The Tedlar® bag has a long history of use in gas sampling applications. Its robustness and ease of use make it a preferred choice of stack testers, plant personnel, and many others. It does, however, have its limitations. Read further to find out more about Tedlar®, what uses Tedlar® bags are best suited to, and when other options may need to be considered.

Polyvinyl fluoride, more commonly known by its trade name Tedlar®, is a thermoplastic fluoropolymer with good chemical resistance and low vapor permeability. It lacks the thermal stability required for injection molding and is thus commonly manufactured and used as a film. Tedlar® bags are typically made by joining two sheets of Tedlar® together by thermally bonding them at the perimeter of the two sheets. They are available with a wide variety of valve options, the “dual poly valve with septum” being the author’s preferred valve for performance and ease of use.

Tedlar® bags are great for sampling a variety of compounds including non-polar hydrocarbons (up to about C8), inert gases (N2, O2, CO, CO2), hydrogen sulfide and organo-sulfur compounds, some halogenated organics, and a few other compounds. Tedlar® bags work best when the sample gas is less than 2% water, though measures can be taken to address water in higher-moisture sources.

At risk of stating the obvious, the sample gas temperature must be well below the melting point of Tedlar® to maintain the integrity of the bag. Per Du Pont, Tedlar® can withstand brief excursions of up to 204⁰C, but sample gas should generally be below about 120⁰C. Also, measures should be taken (i.e. gas regulator, valve/rotameter, etc.) when sampling high pressure sources to ensure that the bag is not rapidly filled to bursting. While Tedlar® is a robust and durable polymer, it is advisable to collect backup/retain samples in case the primary bag samples burst, tear or are otherwise compromised during transport to the laboratory. Also, the use of a “lung box”, or negative pressure sampling container, is advisable when collecting bag samples in order to eliminate the potential for sample loss or contamination from the sampling pump.

Tedlar® bags are best for sources with less than 5% total hydrocarbons. They can be used for higher concentration sources, but care should be taken when sampling and handling sources that may present a safety hazard (i.e. toxic or flammable gases). If there are significant concerns regarding high levels of toxic compounds or other hazards inherent in the sample gas, summa canisters or other appropriate rigid metal containers are a good alternative. The use of rigid containers may require approval from the applicable regulatory body if certain test methods are specified in the test plan.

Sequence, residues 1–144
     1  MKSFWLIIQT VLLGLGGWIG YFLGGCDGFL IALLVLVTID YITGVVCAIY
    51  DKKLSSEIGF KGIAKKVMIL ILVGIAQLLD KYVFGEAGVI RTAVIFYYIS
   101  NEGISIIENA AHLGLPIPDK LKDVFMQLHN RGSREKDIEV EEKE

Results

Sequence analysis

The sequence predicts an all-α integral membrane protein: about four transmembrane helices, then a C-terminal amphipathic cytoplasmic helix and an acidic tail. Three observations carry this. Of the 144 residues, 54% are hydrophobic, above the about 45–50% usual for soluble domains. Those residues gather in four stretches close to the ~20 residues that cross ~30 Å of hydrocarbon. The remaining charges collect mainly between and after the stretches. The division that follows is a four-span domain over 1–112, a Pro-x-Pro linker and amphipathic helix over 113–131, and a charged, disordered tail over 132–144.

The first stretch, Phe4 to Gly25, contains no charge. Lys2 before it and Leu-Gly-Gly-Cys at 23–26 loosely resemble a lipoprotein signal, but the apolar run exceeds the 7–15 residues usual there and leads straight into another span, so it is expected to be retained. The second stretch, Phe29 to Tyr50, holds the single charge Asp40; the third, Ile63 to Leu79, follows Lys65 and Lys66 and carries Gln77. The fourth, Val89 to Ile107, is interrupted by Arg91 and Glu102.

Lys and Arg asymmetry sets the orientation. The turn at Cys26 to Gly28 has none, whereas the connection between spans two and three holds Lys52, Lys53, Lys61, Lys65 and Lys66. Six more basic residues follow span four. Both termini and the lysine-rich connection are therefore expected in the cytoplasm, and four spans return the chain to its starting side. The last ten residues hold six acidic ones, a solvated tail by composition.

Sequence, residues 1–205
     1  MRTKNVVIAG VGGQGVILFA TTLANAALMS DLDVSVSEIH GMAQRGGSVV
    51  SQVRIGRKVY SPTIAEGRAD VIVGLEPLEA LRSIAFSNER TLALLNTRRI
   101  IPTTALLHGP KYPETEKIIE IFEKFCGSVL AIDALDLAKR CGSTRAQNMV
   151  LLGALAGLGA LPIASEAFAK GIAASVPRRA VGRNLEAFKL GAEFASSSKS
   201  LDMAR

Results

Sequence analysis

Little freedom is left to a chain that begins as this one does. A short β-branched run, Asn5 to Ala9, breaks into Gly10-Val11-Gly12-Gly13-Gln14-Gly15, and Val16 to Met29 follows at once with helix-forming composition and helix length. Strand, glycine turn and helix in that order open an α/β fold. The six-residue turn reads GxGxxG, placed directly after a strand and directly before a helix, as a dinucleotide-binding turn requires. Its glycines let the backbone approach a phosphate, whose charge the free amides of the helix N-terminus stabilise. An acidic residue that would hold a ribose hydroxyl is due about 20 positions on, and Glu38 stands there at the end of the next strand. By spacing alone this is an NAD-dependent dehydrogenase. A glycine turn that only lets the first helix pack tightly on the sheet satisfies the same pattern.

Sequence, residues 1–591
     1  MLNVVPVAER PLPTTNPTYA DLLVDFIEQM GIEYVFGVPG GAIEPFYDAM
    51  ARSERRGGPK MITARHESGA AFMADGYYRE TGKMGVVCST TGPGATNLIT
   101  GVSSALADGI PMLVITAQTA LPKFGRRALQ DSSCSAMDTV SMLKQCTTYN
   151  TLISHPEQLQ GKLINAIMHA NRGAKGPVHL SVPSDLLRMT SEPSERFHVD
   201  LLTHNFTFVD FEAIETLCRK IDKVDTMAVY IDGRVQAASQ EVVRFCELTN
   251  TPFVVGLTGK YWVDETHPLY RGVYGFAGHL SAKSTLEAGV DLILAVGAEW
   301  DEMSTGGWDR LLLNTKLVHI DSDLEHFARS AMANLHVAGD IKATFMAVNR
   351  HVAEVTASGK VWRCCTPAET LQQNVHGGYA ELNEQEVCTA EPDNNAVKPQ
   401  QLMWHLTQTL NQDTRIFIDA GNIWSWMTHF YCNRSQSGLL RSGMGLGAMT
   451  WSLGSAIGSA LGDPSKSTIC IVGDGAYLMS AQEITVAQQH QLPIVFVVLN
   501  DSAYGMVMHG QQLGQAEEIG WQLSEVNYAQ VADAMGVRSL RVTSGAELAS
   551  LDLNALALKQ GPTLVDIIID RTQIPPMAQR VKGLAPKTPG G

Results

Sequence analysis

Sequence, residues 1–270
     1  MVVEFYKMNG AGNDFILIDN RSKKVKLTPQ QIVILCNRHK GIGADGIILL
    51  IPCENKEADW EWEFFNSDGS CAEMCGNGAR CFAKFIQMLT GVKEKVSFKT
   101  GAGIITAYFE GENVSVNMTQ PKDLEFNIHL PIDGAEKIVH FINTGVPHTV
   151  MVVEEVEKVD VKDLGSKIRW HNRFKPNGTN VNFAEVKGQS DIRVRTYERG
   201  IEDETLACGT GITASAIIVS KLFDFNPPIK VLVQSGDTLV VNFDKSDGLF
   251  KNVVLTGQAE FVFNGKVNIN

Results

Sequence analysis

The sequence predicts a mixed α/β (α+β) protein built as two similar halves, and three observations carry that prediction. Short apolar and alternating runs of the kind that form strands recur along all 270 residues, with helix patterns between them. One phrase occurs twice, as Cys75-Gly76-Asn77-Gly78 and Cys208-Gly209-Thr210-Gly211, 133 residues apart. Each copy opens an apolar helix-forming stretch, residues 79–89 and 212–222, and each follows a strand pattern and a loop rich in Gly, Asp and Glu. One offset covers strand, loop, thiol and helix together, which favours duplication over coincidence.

Tedlar® bags may be used for samples containing hydrogen and helium, but these compounds are able to permeate Tedlar® so these samples should be analyzed as soon as possible after collection to mitigate any losses due to permeation. Again, rigid metal containers may be used to eliminate this problem. Also, composite bags with a Mylar® layer can be used with hydrogen and/or helium to eliminate gas permeation.

If you plan to use Tedlar® bags to sample a source with elevated moisture, greater than about 2%, a chilled knockout impinger should be used to remove moisture from the sample gas upstream of the bag. This is especially important if any target compounds are soluble in water, because condensed moisture in the bag can adversely impact spike recovery for these compounds. The moisture knockout condensate should be analyzed for the target compounds as well, unless the compounds are extremely insoluble in water (i.e. C1-C6 alkanes and alkenes) or an exception is granted by the applicable regulatory agency.

Heavy, polar and/or reactive compounds (i.e. alcohols, ketones, C9+ hydrocarbons) generally do not perform well in Tedlar® bags and Enthalpy can assist with alternative sampling methods for such compounds.

In summary, remember the following when deciding whether or not you should, or shouldn’t, use Tedlar® bags for your gas sampling application:

  • Tedlar® bags work best when used with light, non-polar hydrocarbons and inert gases
  • Tedlar® bags are somewhat permeable to hydrogen and helium and should be analyzed soon after collection if these compounds are present in significant amounts
  • Using a lung box to collect the sample eliminates the potential for pump losses and/or contamination
  • Rigid canisters or composite/Mylar® bags are advisable for use with samples containing high amounts of hydrogen and/or helium
  • Sources with elevated moisture may require a water knockout/condensate to mitigate condensation in the bag(s)
  • Alternative sampling options should be considered for heavy, polar, or reactive compounds

Clint Thrasher

Laboratory Director

Clint Thrasher is a laboratory director at Enthalpy Analytical. He has over 17 years of experience in the environmental services industry, specializing in the analysis of environmental samples. Clint has been employed with Enthalpy since 2005 and in that time has had four different job titles: FTIR/GC analyst, field testing team leader, staff engineer, and finally, laboratory director. He is extremely well-versed in all of Enthalpy’s laboratory processes. Outside of work, Clint is involved in the air and waste management association (AWMA) Gulf Coast. Clint received a BA in chemistry and a BS in chemical engineering from North Carolina State University.